There is a popular saying about best laid plans often going astray. Business owners are experiencing firsthand the derailing of plans in this unprecedented and unpredictable 2020. Those with plans to market their business for sale this year are left particularly in a lurch. At a time when many industries are struggling — and some are unexpectedly booming — the decision to put a business on the market is more difficult than it was when the economy was predictable, or at least stable.
If you are a business owner looking to market your business, selling at the wrong time can mean potentially thousands or even millions of dollars in lost proceeds. Unfortunately, for many, 2020 and perhaps 2021 — who can say? — may be the wrong time to sell. While industries are being affected by the pandemic in wildly differing ways, the impact on most is negative, and the timing for an economic recovery is uncertain.
There are a number of issues to be considered and questions to be answered to help business owners determine when the time is right to sell. With the right answers, avoiding a bad decision may be the best one can hope for coming out of 2020.
Why were you thinking about selling in the first place?
If you targeted calendar year 2020 as the year to market your business, consider what was driving your decision to sell in 2020. Are you ready to retire? Is a health situation affecting your ability to work? Is a new competitor bringing a product or service to market that will upend your business? Some of these factors are more time-critical than others. A health issue may require an immediate sale regardless of current market conditions, while a personal retirement plan can be more flexible. Perhaps your competitors are struggling, leaving better opportunities for your business.
The key takeaway is that you should revisit your motivation for marketing the business in 2020 and consider how that timing might be or should be impacted by the new COVID-influenced market. If you have determined, for example, that you want to sell now because of retirement plans, you have to consider whether your retirement planning is designed around what might be a reduced purchase price. You may wish to consider a delay in retirement in order to allow the business to recover value if the pandemic impact has been negative.
Would a delay in selling hurt – or help – the value of your business?
Industries become obsolete all the time, and the societal impacts of the pandemic are largely driving that process in 2020 for business sectors that never expected to encounter a significant market disruption. Among the notable developments, for example, is the rise of remote working that may outlast the pandemic, resulting in floors and floors of potentially unleasable office space. Thus, if you are the business owner, for instance, of Executive Desk Chair Outlet and you are already thinking of selling, waiting out the pandemic could be costly. On the other hand, if your business manufactures or distributes personal protective gear, it may be too soon to sell, as its value may increase greatly.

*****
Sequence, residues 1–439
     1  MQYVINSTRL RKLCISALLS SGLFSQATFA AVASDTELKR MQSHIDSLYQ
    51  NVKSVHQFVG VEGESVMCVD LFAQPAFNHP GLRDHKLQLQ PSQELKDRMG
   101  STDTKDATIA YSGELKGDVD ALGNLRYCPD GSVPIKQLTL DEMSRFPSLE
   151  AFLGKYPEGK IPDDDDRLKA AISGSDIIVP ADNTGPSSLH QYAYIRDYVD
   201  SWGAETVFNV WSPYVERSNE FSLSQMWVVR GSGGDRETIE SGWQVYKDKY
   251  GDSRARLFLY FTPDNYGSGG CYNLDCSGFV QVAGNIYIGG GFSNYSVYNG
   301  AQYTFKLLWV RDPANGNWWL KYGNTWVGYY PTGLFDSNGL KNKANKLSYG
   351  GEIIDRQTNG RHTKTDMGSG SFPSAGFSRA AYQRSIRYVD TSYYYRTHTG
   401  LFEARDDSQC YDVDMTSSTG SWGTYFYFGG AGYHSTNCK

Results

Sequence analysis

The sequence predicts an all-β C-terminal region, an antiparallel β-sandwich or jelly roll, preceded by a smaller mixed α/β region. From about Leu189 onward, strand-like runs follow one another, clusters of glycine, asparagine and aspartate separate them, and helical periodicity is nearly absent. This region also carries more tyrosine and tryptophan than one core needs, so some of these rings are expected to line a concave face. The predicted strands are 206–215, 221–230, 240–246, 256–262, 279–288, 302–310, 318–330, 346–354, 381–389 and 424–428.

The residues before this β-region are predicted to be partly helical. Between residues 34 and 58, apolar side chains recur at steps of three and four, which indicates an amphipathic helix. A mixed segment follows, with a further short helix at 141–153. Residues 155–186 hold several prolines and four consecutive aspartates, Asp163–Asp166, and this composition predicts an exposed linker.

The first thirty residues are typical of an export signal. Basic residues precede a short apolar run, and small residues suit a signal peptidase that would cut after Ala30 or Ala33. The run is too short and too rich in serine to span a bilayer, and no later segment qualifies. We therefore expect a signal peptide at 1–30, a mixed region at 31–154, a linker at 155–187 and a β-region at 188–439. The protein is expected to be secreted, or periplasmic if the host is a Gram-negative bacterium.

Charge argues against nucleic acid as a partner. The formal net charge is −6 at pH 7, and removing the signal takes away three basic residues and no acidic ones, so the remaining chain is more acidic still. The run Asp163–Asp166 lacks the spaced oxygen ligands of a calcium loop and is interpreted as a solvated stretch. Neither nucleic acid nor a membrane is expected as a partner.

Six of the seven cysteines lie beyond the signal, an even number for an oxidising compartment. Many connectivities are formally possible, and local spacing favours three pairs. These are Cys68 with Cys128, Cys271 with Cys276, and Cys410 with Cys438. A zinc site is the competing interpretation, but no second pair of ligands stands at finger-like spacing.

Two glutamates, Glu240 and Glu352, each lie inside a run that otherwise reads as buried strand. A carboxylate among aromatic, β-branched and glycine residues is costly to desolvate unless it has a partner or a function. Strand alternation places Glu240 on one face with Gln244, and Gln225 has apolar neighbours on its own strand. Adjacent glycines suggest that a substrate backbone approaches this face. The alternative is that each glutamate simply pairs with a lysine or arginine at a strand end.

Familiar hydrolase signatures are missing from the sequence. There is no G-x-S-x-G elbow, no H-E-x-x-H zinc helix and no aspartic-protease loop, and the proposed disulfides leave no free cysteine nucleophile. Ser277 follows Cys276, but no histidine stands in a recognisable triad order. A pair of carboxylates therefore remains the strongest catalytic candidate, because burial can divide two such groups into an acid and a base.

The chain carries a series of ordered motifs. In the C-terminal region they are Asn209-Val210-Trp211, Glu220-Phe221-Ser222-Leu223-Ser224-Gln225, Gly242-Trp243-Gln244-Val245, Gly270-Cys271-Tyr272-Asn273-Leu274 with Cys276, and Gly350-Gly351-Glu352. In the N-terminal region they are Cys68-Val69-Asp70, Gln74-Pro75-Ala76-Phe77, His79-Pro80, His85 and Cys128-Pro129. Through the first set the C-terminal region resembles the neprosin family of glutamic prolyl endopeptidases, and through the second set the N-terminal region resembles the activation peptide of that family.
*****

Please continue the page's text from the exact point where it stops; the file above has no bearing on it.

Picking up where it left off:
Every business owner who considers a sale of their business must undertake a financial analysis ahead of a potential transaction. Updating your financial forecast to account for the expected impact of the pandemic is especially critical. Business owners must factor in market conditions, the costs associated with the sale (fees for lawyers, accountants and the like) and how much they need to net from the sale, after taxes, in order to meet their financial needs for the years to come. If the business owner performs that analysis and determines he or she needs to receive top-of-the-market value for the business to meet their need, now may not be the time to sell if the pandemic’s impact on their business is predominately negative.
Will conditions of the sale change?
If your analysis prompts you to go forward with a sale, you may need to adjust your expectations, not only in the value of the business, but of how that value translates to purchase price. You may find that buyers are likewise wary of the future and hedge their bets by structuring deals so that the largest portion of the purchase price is paid at a future time in the form of an earn-out. There is risk to the business owner in this situation.
Earn-out payments are performance-based payments to the seller in the future based on achievement of certain financial goals, which may or may not be achievable. If the business is in an industry that has been negatively impacted by the pandemic, the risk is even higher.
Are you really ready to sell?
Some business owners are emotionally ready to sell their business before they are operationally ready to sell their business. Business owners should perform the proper diligence and address significant issues before putting their business on the market. Just as a house with faulty plumbing or ugly carpeting may not garner the best price, a business with poorly kept financial records, outdated equipment or risky employment practices likely will not be valued as highly as the business owner desires.
There are many tasks to be performed in order to effectively prepare a business to be marketed for sale. We’ll break down those and other considerations for business owners in part two of this series: Delaying Your Decision to Sell and Increasing Value.
Patricia Farrell is a corporate law attorney in Pittsburgh. With a primary practice in business services, she regularly represents privately held businesses in mergers, acquisitions, divestitures and other major transactions, both in the United States and in Europe, Asia and Australia. She also has a broad corporate practice where she assists with corporate governance as well as succession planning for business owners and a variety of other day-to-day business issues.
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